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January 23, 2008

Would Proposed Limit on Discussing Homosexuality in Tenn. Schools Permit Bullying?

As a former public high school English teacher, I appreciate the everyday conversations that "spring up" in the middle of class.  For instance, a conversation about a poem could prompt a student to make a comparison to his or her religion or even his or her sexual orientation.

In fact, such analogies are generally encouraged, as students begin to develop a sense of independent thought and an ability to engage in critical thinking.  Normally, under these circumstances, the teacher is more of a facilitator than an "instructor"--guiding the students' comments to further a vibrant classroom discussion.  It is not the teacher's job to silence a student when he or she expresses an independent (and usually very thoughtful) comparison to his or her own life or experiences.  However, sometimes, the teacher may find him or herself guiding the discussion further by asking the participating student questions like, "That is an interesting analogy, can you explain your thoughts a bit more?"  Or "Yes, I can see the connection there.  Do you think the author intended for the reader to make connections between the character and the reader's own life experiences?  How so?  Or "How does the protagonist's struggle with his or her own identity connect to you as a modern reader?"

Is the teacher, in this instance, "instructing" the students about the student-initiated new topic or theme, such as religion or sexual preference?  If so, a proposed Tennessee law would stifle such conversations.  See First Amendment Law Blog for a link to the full text of the proposed bill aimed at forbidding "instruction or materials on any sexuality other than heterosexuality."

Similarly, as a high school teacher, I made a point of enforcing the classroom rule about "respecting others" by forbidding students from bullying classmates.  The rule also applied to bullying on the basis of perceived homosexuality.  Would a discussion with a student, reprimanding him or her for pushing another student and/or calling him or her epithets due to the other student's sexuality, be considered "instruction" on homosexuality?  If so, this law would permit the school to ignore bullying and potentially violate other laws protecting student well-being.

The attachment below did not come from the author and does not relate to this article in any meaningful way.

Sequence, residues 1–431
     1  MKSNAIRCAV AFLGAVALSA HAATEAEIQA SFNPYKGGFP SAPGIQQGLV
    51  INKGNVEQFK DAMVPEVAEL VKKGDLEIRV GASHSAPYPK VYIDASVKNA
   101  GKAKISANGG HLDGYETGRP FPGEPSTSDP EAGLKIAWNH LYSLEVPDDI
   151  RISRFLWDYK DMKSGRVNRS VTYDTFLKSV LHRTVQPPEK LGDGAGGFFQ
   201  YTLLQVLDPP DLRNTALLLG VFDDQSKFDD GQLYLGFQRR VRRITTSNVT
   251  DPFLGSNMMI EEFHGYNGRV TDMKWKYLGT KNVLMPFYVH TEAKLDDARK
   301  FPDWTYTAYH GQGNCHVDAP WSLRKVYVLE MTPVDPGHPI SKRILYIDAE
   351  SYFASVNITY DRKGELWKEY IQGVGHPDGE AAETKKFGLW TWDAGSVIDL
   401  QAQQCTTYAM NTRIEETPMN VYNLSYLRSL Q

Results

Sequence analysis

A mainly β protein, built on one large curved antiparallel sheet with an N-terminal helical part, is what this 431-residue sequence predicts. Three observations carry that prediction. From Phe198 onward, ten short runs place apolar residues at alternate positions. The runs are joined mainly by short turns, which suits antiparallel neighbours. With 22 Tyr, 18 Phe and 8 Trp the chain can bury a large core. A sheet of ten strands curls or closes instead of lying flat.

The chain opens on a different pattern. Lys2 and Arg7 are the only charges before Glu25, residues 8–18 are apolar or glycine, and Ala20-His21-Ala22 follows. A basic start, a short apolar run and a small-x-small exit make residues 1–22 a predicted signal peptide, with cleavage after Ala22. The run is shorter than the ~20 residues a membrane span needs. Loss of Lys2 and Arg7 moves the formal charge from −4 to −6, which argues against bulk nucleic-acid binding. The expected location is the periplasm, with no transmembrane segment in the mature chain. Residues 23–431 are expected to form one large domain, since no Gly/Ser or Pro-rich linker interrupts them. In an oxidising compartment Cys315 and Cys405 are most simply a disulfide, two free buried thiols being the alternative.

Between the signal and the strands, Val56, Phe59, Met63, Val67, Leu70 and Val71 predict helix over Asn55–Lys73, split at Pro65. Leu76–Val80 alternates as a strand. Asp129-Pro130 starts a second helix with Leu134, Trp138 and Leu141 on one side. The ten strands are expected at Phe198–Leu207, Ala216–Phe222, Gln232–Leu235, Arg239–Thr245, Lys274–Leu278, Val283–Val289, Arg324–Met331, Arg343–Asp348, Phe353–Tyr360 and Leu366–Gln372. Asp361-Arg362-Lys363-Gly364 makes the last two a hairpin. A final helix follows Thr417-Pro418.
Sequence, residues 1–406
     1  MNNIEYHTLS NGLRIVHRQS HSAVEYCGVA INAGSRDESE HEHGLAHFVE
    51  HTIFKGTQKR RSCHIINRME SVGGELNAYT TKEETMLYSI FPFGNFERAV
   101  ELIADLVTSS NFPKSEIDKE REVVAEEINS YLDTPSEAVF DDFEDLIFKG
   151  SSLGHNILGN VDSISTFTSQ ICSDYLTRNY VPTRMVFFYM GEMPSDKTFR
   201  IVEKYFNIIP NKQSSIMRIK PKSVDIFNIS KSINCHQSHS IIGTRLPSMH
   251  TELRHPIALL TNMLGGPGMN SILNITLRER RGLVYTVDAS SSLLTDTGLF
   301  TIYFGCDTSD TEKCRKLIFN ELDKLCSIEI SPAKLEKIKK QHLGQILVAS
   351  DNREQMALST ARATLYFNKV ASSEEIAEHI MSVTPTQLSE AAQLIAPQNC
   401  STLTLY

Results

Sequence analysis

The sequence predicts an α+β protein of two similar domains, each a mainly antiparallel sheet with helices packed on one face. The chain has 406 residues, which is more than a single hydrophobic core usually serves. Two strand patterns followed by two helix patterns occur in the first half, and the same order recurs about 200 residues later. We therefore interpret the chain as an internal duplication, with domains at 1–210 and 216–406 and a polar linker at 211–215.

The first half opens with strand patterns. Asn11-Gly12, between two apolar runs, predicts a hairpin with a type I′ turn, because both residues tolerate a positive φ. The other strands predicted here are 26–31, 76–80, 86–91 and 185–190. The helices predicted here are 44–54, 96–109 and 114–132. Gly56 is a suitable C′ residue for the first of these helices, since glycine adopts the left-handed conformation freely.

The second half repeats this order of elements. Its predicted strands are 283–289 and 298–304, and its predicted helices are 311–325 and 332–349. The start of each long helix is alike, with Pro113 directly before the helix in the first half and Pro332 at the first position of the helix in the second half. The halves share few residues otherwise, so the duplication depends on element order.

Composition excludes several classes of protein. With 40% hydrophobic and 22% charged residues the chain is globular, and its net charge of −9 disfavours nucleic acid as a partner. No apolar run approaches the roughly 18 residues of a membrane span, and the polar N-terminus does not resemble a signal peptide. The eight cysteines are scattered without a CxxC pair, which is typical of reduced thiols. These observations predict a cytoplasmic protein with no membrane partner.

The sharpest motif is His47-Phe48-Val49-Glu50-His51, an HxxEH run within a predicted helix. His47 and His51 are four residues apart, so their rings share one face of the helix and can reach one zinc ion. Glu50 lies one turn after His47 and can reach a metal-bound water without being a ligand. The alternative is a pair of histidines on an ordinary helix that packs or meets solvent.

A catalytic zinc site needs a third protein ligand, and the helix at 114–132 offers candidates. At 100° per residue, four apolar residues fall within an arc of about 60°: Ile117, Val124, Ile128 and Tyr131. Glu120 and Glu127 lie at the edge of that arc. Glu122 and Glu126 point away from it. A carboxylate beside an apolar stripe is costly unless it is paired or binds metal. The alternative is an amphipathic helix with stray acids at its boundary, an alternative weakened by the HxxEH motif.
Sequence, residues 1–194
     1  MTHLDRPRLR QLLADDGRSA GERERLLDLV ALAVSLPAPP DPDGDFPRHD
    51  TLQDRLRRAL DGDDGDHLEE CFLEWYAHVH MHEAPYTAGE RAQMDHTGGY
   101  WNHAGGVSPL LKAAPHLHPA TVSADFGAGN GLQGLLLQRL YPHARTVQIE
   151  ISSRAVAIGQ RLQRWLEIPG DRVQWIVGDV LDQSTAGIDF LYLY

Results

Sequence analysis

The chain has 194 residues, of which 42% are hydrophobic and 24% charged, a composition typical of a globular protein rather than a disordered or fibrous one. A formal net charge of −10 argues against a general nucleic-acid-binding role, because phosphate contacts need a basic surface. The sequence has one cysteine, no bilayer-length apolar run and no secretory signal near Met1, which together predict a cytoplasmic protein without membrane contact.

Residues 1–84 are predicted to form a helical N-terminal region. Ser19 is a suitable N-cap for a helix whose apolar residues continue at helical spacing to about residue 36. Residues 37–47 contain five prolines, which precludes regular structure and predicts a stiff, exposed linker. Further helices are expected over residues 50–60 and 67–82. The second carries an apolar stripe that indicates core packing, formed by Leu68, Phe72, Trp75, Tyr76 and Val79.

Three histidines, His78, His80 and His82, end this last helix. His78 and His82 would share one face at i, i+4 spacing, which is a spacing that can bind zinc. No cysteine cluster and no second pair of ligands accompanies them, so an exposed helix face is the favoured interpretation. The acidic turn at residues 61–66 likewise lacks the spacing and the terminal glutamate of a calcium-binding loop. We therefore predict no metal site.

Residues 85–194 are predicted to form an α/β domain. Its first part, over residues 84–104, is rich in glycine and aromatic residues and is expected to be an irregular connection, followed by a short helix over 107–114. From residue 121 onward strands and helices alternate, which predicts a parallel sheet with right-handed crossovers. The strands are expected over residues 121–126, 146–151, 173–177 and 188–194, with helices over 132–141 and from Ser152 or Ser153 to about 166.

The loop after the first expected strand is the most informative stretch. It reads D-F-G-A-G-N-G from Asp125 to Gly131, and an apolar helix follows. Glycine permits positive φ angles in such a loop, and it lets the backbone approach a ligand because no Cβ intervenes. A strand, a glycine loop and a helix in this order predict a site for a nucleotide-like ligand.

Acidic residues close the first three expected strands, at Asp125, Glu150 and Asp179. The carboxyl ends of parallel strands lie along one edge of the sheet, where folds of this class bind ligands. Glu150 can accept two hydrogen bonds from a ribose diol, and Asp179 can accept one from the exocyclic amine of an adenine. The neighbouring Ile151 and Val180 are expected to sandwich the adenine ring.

For more information about laws that protect students from bullying based on sexual orientation in public schools, see NCLR publication "Fifteen Expensive Reasons Why Safe Schools Legislation is in Your State's Best Interest." & NCLR publication "Harassment & Discrimination:  A Legal Overview."

January 23, 2008 in First Amendment Rights | Permalink | Comments (0) | TrackBack

January 22, 2008

Chicago Judge Refuses to Waive Transgender Woman's Filing Fee in Name Change Petition

A transgender woman is currently asking the Illinois Supreme Court to order Will County Chief Judge to permit her to file a name change petition without filing costs.  The woman, who is indigent, wishes to change her name to "reflect [her] identity."  Her appeal to the Supreme Court asserts that the judge "told her the name change was 'something that she wanted, not something that she needed,'" and therefore denied her request. See Chicago Tribune Article.

However, according to Illinois law, a judge cannot deny an indigent's petition for a waiver of filing costs without providing a specific reason, in a written order, for the denial.  735 Ill. Comp. Stat. 5/5-105(d).

The appeal filed in the Illinois Supreme Court asks the high court to order the judge to follow the Illinois statute cited above.

If the allegations are true, the judge violated the Illinois statute by failing to file the required written order specifying why he denied the request.  However, it also demonstrates the judge's misunderstanding of transgender individuals.  For most individuals, a name change is not a necessity.  We might change our name just for fun (I know a guy who changed his legal first name to "Sloth", for instance).  But, for a transgender individual, a name like Matthew could prevent her from living as a woman.  This is not merely "something . . . she want[s]", but, rather, it is truly necessary for her to live as a woman.  It is a form of liberty, if you will.  The ability to decide who she is and live accordingly.

January 22, 2008 in Other | Permalink | Comments (2) | TrackBack